Saturday, August 31, 2013

When They're Gone...

In the midst of a busy move between Chicago and LA, I'm posting another short story as I haven't had a chance to sit down and mash out a character interview.  This one, a favorite of mine, features my first ever Gay character.  I hope ya'll enjoy, and leave some comments!

Private Sam Greene tried to slow his breathing while he hugged the side of his squad’s tan Humvee.  He unstrapped his helmet and leaned his head back against the window, staring up into the pearly blue afternoon sky.  Streams of beady sweat trickled down his dirt and sand covered face, sliding along his chin.  He tightened his grip on his assault rifle and plopped his helmet back on.
“You alright, Private?” a voice called out from the other side of the Humvee.  
A burly lieutenant, Mackey was his name, rounded the front of the vehicle, holding his rifle with both hands while his backpack bobbed back and forth with each step.  “Greene, you okay?” he asked again while he adjusted his bowl-shaped helmet, sounding less formal.
Greene stared out into the swirling desert, sprawling forever in all directions.  He wasn’t sure if the lieutenant could see him shaking, if he could tell he was scared shitless.  His blood ran cold and he had that constant feeling like he was at the apex of a roller coaster, staring at a drop while the cart waits to soar its way down, anticipating the release.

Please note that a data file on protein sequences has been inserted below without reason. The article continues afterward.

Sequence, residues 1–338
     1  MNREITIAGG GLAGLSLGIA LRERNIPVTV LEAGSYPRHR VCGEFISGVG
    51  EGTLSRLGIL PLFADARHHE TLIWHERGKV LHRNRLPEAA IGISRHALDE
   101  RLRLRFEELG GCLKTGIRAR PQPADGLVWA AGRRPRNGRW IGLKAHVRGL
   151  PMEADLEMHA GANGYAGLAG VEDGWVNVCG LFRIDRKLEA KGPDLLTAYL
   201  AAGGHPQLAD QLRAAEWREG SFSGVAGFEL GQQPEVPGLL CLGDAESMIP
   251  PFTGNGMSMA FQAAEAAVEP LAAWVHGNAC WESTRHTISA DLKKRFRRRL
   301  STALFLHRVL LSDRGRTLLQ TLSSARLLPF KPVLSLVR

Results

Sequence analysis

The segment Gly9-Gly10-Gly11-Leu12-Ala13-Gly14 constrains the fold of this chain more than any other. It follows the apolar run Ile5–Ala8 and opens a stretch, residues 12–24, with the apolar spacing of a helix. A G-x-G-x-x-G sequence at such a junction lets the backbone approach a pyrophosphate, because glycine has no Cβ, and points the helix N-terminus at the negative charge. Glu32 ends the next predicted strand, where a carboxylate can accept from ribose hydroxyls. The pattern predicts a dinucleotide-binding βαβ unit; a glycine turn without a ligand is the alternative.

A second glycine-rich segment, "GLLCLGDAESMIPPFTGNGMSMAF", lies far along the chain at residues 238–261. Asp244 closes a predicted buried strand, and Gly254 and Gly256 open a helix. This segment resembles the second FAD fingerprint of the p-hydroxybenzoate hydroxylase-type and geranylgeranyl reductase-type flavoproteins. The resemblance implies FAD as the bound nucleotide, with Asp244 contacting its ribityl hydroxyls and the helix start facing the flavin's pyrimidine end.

You know shits gonna’ happen, it’s just a matter of when, he thought to himself.  
“This your first time off base, Greene?” Mackey asked with a chuckle while he inspected his rifle.  He slid it around his shoulder by its strap then unholstered his pistol, checking that out too.
“Yeah,” Greene said, a lump getting caught in his throat.  “First time.”
“First time’s always the shit-kicker,” Mackey said, patting Greene’s shoulder.  “Don’t worry, Private.  You’re in good hands,” he said with a grin through his sand crusted face. 
Mackey lifted a tiny flap on his equipment belt and pulled out a piece of folded paper with his thumb and pointer finger.  When it was out, he unfolded it and spread it across the hood of the Humvee. 
“’Mere a sec’, Greene,” he said, waving Greene over.
Greene took in a deep breath, held it in for a minute, letting his muscles relax, then sighed.  He bounced his rifle in his hand, testing the weight of his gun, like he’d forgotten how much it weighed.  He walked over to Mackey and stopped right beside him, staring down at the paper, which was a map of the area, five-square miles worth of sand and rock.